May 25 2024

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Quinto: Not Internally Homophobic

2 min read

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Comments made by Zachary Quinto in an interview for Out100 have angered some in the gay community.

Quinto responded to that reaction today, explaining why he made some of his comments and what he had meant by them.

In the interview, Quinto said that he felt that there was “a tremendous sense of complacency in the LGBT community,” especially amongst young gays who did not grow up when AIDS was ravaging the community. “AIDS has lost the edge of horror it possessed when it swept through the world in the ’80s. Today’s generation sees it more as something to live with and something to be much less fearful of. And that comes with a sense of, dare I say, laziness.”

Part of the complacency comes from the use of HIV/AIDS prophylactic drugs like PrEP (Pre-Exposure Prophylaxis). “We need to be really vigilant and open about the fact that these drugs are not to be taken to increase our ability to have recreational sex,” he said. “There’s an incredible underlying irresponsibility to that way of thinking…and we don’t yet know enough about this vein of medication to see where it’ll take us down the line.”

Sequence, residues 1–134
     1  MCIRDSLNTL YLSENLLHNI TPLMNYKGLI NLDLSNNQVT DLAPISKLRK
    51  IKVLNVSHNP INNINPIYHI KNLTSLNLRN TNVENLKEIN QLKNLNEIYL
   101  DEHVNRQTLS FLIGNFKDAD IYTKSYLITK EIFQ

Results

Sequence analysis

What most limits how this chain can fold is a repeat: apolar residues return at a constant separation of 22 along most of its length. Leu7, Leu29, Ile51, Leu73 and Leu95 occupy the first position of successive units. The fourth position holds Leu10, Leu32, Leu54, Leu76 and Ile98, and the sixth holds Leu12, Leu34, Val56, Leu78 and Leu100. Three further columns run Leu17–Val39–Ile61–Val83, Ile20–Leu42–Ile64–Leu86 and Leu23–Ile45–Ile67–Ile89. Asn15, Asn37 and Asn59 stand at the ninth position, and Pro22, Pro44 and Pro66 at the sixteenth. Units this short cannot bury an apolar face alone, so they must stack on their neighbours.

Some in the LGBT community were not happy with his comments, but Quinto explained why he said them and sought to clarify what he meant. “I am a staunch advocate for the rights and well-being of the LGBT community,” he said. “I have deep compassion and empathy for people living with HIV/AIDS. I am assuredly not internally homophobic or poz-phobic or willfully ignorant regarding this issue. I am a well-adjusted and well-educated gay man. I have read and understand the way PrEP works, and at least the most basic science behind its practical applications — although I am always open to learning more. I support and encourage the amazing work done by HIV/AIDS awareness organizations — as well as the many research and treatment organizations that exist across the country and the world. I did not intend to make generalizations about the LGBT community at large — or people living with HIV/AIDS or people in love with someone living with HIV/AIDS.

“What troubles me, and what I was trying to speak to in my interview, is an attitude among (some of) the younger generation of gay men – that we can let our guard down against this still very real threat to our collective well-being. I have had numerous conversations in my travels with young gay people who see the threat of HIV as diminished to the point of near irrelevance. I have heard too many stories of young people taking PrEP as an insurance policy against their tendency toward unprotected non-monogamous sex. THAT is my only outrage.